Tag Archives: Defunding Police

Seattle’s Divide on Public Safety Is Fueling a Fight Over Next Year’s Police Budget

by Ben Adlin


After an election that largely snubbed progressive candidates, advocates calling for cuts to police budgets are working to convince Seattle leaders to follow through with promises to reform law enforcement and fund alternatives to dealing with the city’s problems.

A revised budget proposal out of the Seattle City Council this week would make about $10.8 million in cuts to Mayor Jenny Durkan’s proposed 2022 funding increases to the Seattle Police Department (SPD). Projected revenue for Seattle’s general fund has fallen by about $15 million since Durkan released her proposed $7.1 billion City budget in September.

Durkan has said the investment in police is needed to address higher-than-normal officer departures in recent years and ensure fast response times to emergencies. But councilmembers and community advocates have challenged that idea, arguing that investments in services such as housing and education do more to improve public safety and improve the resiliency of vulnerable communities.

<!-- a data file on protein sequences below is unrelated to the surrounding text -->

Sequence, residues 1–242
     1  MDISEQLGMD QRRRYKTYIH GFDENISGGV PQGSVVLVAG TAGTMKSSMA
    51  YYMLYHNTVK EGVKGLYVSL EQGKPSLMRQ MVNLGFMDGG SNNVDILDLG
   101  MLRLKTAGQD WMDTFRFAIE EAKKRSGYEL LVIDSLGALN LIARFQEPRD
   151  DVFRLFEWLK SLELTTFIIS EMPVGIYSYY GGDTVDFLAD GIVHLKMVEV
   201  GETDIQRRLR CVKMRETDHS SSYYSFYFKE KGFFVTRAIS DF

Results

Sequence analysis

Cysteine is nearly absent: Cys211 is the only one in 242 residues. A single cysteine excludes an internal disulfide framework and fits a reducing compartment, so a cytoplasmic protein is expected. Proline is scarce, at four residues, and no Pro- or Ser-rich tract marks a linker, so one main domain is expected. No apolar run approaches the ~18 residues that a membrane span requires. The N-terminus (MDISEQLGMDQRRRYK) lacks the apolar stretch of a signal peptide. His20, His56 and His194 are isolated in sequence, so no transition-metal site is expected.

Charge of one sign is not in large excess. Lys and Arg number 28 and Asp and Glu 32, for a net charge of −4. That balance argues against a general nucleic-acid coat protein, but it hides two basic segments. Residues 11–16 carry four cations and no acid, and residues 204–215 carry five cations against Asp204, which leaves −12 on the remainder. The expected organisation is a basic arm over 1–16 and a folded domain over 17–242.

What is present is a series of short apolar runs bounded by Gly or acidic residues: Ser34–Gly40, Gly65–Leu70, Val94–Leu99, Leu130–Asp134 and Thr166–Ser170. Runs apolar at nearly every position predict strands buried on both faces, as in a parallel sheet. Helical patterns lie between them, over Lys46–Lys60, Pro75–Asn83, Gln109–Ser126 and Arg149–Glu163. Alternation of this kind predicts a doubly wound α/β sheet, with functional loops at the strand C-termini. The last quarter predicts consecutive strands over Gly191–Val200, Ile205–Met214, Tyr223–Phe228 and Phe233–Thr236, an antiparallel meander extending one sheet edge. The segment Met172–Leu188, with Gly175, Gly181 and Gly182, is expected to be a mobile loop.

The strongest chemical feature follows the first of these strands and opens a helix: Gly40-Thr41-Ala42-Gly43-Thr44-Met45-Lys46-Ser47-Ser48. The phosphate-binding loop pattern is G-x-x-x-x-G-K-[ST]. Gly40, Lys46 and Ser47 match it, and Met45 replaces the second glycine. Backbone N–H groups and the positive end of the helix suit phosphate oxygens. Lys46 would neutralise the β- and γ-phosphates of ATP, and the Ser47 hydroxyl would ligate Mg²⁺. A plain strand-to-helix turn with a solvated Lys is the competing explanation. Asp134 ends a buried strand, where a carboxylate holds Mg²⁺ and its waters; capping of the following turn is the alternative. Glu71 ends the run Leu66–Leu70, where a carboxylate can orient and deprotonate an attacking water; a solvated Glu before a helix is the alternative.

A rebalanced budget package introduced last Tuesday, Nov. 9, by City Council Select Budget Committee Chair Teresa Mosqueda would reduce Durkan’s proposed $365.4 million police budget to $354.6 million. Overall, Mosqueda’s budget would amount to an $8.3 million (2.3%) cut to SPD funding compared to this year’s budget, while Durkan’s plan would expand police spending by $2.5 million (0.7%).

Meanwhile, the Seattle Solidarity Budget coalition, which represents a number of local groups focused on improving public services and investing in Seattle’s BIPOC communities, is calling for an additional $29 million to be cut from next year’s police budget. The group sees the final weeks of the budget process as a chance to cement popular calls for police reform that took center stage during widespread community protests last year, following the police murder of George Floyd in Minneapolis.

Continue reading Seattle’s Divide on Public Safety Is Fueling a Fight Over Next Year’s Police Budget

OPINION — Say Her Name: Charleena Lyles

Four years after she was killed by police, her family still seeks answers.

by Katrina Johnson, Jesse Hagopian, and Michael Bennett